Then there's the issue of scaling an encounter. Are 2 Apemen equivalent to a single rank 2 creature? At what rank can I send 3 militant Swamp Folk at a lost character to give him a challenging encounter?

Well, I have an answer that comes in the form of an Excel 2007 Spreadsheet (attached).

### Using the Spreadsheet

The Spreadsheet consists of two tabs: 'Knight' and 'Creature'. The 'Knight' tab stores information on the baseline rank equivalence. I have pre-populated this sheet with average scores for the Knight profession, but feel free to change these values if you would prefer the Barbarian (or other) profession to be your standard unit of fighting rank.The second tab, 'Creature', is where the statistics for the creature to have its Rank Equivalence calculated is entered. The 'Numbers' field is for the number of simultaneous combatants to simulate.

The values in the table represent how that creature fares against each baseline rank. The Rank Equivalence value of a creature is indicated when the ratio reaches 1.

One thing you can use this spreadsheet for is to see how changing a weapon\armour combination on the baseline rank makes a difference. Against which creatures does a Knight with a sword and shield have a better life expectancy than a Knight with a two-handed sword? And one thing it will show you, too, is just how much difference giving your Knight a +1 sword will have on his combat prowess!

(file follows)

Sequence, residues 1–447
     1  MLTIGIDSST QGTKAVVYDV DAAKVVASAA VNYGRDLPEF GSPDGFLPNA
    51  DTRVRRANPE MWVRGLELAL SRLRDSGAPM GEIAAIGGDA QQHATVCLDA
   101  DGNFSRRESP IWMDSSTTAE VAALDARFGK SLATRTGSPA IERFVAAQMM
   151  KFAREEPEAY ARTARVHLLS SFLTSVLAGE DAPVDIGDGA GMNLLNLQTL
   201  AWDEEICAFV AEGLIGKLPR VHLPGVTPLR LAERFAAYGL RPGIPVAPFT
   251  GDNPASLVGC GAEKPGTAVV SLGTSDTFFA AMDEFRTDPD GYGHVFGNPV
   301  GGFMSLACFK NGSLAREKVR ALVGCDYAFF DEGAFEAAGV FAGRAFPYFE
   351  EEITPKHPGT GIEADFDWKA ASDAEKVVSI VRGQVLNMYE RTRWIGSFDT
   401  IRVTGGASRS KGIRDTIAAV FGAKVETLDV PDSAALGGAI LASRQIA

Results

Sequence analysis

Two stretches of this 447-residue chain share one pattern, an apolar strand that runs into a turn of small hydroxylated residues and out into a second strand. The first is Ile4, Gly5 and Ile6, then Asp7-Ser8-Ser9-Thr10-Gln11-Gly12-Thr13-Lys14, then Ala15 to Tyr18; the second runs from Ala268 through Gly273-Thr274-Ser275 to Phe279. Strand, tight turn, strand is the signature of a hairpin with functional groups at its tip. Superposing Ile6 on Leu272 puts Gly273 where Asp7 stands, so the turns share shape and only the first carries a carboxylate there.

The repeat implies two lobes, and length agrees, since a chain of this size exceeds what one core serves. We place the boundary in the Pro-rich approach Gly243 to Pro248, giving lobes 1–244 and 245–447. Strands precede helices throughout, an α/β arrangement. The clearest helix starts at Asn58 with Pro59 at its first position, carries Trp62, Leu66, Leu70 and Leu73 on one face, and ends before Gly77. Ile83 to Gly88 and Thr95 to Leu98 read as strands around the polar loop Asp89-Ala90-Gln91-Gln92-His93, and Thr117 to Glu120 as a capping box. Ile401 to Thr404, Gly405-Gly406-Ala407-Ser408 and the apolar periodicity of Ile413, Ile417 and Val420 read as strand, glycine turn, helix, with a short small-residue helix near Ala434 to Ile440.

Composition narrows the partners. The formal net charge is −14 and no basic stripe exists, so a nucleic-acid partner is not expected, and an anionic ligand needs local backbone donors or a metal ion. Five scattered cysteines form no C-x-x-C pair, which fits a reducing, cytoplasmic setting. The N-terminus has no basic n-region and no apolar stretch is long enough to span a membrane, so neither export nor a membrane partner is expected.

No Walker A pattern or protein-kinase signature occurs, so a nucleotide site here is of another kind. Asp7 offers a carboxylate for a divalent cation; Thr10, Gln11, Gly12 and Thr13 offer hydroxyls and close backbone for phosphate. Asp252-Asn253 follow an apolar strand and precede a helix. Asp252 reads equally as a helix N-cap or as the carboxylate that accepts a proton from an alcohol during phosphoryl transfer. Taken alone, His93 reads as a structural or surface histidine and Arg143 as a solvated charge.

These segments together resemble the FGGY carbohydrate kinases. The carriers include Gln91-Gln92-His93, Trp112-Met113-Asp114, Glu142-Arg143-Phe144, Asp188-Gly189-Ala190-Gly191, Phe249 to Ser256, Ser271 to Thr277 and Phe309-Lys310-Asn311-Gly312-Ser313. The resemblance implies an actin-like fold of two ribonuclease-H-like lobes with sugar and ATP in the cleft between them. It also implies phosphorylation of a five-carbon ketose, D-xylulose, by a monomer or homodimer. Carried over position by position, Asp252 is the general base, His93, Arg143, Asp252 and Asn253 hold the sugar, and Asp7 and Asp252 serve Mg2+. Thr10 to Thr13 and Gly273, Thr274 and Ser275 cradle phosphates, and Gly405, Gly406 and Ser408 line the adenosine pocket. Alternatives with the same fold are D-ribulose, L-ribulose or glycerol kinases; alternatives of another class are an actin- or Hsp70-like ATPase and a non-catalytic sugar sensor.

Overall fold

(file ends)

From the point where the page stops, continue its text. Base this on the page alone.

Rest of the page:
### Limitations and Development

Firstly, it's important to note that the Spreadsheet only calculates melee combats with a single character - it does not take into account parties of characters cunningly out-manoeuvring the creature, using cover, surprise, range, magic, etc., nor does it assume the same in the creature. Multiple attacks are also not considered (for creatures like, for example, the Gryphon).Secondly, when calculating the number of simultaneous combats, it simply uses the Numbers value to divide the Knight's Defence score and multiply the creature's available Health Points. It does not calculate when a single instance of the creature has died and reduce the remaining number of creatures attacking the Knight accordingly.

Thirdly, the spreadsheet will factor in critical hits (i.e., a roll of 1 to hit), but does not take into account critical misses (i.e., a roll of 20 to hit), meaning it is possible to have a 100% chance hit rate if one of the combatants is significantly superior to the other.

Lastly, any feedback would be most welcome. I'm no Carol Vorderman, so if I've messed up my maths, please let me know and I'll update the sheet and if there are any additional values, calculations or formulae you think should be included, let me know that too. The Spreadsheet is protected (except the yellow cells), but not passworded, so feel free to remove the protection if you want to tinker with the formulae yourselves.